There's no escaping Mass Effect Andromeda (opens in new tab)'s animation issues. While Twitter, GIFs and memes have amplified the problem out of all proportion, there's defintely something that hasn't gone to plan.
Former Bioware animator Jonathan Cooper (opens in new tab) now works at Naughty Dog but previously worked on Mass Effect 1 and 2, so he knows the process of animating a major triple A game. In a series of tweets he's spoken on what's happened. I've edited down the core thread (which you can see in full (opens in new tab) here) but these are the key points:
"Animating an RPG is a really, really big undertaking - completely different from a game like Uncharted so comparisons are unfair," explains Cooper. "Every encounter in Uncharted is unique & highly controlled because we create highly-authored 'wide' linear stories with bespoke animations."
Something like Mass Effect Andromeda however involves far more work. "Conversely, RPGs offer a magnitude more volume of content and importantly, player/story choice. It's simply a quantity vs quality tradeoff," says Cooper. "Because time denotes not every scene is equally possible, dialogues are separated into tiered quality levels based on importance/likelihood. The lowest quality scenes may not even be touched by hand. To cover this, an algorithm is used to generate a baseline quality sequence. Mass Effect 1-3 populated default body 'talking' movement, lip-sync and head movement based on the dialogue text."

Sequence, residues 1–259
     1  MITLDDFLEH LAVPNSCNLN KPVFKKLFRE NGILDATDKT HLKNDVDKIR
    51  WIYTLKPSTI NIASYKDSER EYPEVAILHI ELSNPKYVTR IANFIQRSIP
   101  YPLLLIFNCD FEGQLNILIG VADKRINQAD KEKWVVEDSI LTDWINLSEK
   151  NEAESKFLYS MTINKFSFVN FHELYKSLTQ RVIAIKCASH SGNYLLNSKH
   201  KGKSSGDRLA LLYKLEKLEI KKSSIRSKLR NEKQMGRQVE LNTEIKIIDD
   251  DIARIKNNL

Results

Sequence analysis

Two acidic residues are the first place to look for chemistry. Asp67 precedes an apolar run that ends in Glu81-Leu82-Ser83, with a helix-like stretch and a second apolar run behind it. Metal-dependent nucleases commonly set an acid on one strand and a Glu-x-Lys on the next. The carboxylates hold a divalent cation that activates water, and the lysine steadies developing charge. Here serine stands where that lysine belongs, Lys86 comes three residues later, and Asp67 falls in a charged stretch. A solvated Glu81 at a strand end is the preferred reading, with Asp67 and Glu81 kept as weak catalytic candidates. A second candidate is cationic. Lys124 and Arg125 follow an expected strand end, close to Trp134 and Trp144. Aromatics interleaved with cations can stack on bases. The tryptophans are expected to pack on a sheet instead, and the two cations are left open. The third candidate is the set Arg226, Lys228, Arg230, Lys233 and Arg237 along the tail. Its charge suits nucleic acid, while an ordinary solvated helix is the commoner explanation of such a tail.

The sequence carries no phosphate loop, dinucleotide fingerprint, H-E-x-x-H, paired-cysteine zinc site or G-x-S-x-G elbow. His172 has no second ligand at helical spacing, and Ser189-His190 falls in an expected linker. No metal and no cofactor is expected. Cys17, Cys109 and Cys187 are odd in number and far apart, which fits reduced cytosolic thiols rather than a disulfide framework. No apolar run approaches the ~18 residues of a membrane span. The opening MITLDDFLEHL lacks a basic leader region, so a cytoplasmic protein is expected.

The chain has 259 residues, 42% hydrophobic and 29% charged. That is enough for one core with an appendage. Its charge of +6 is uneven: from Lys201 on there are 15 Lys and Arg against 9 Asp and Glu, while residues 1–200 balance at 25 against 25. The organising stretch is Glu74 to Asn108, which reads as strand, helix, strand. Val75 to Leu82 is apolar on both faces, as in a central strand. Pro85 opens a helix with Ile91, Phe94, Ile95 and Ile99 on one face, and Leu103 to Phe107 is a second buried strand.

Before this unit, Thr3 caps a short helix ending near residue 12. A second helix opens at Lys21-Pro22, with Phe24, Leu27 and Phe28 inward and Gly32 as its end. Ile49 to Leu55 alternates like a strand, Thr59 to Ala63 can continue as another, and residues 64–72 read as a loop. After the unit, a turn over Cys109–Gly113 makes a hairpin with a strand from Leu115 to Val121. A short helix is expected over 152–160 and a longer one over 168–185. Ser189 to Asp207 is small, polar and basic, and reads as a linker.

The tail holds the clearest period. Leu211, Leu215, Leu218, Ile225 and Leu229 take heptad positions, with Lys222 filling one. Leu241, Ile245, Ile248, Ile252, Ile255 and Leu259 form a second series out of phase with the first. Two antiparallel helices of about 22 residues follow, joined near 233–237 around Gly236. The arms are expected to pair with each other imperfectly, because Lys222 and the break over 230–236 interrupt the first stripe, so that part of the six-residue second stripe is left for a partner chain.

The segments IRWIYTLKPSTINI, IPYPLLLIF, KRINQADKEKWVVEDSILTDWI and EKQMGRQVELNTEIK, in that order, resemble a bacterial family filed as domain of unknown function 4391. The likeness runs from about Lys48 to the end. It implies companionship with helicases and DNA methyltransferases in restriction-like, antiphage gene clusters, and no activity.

Basically, much of Andromeda's animation was initially automated to populate the wealth of content: "as such, designers (not animators) sequence pre-created animations together - like DJs with samples and tracks. Andromeda seems to have lowered the quality of it's base algorithm, resulting in the 'My face is tired' meme featuring nothing but lip-sync. This, presumably, was because they planned to hit every line by hand. But a 5-year dev cycle shows they underestimated this task."
It doesn't really change anything at this point but it's really interesting to see how production decisions can impact a game. Cooper's also very clear one of the less savoury aspects of the controversy that resulted in a completely unrelated developer being blamed for everything. "Going after individual team members is not only despicable, but the culprits and choice of target revealed their true nature," he says. "Just as we credit a team, not an individual, for a game's success, we should never single out one person for a team's failures."
Animations aside, if you are playing right now then we've got some crucial Mass Effect Andromeda tips (opens in new tab) to get you started, as well as a Mass Effect Andromeda romance guide (opens in new tab) if you need to unwind after a hard day saving the universe.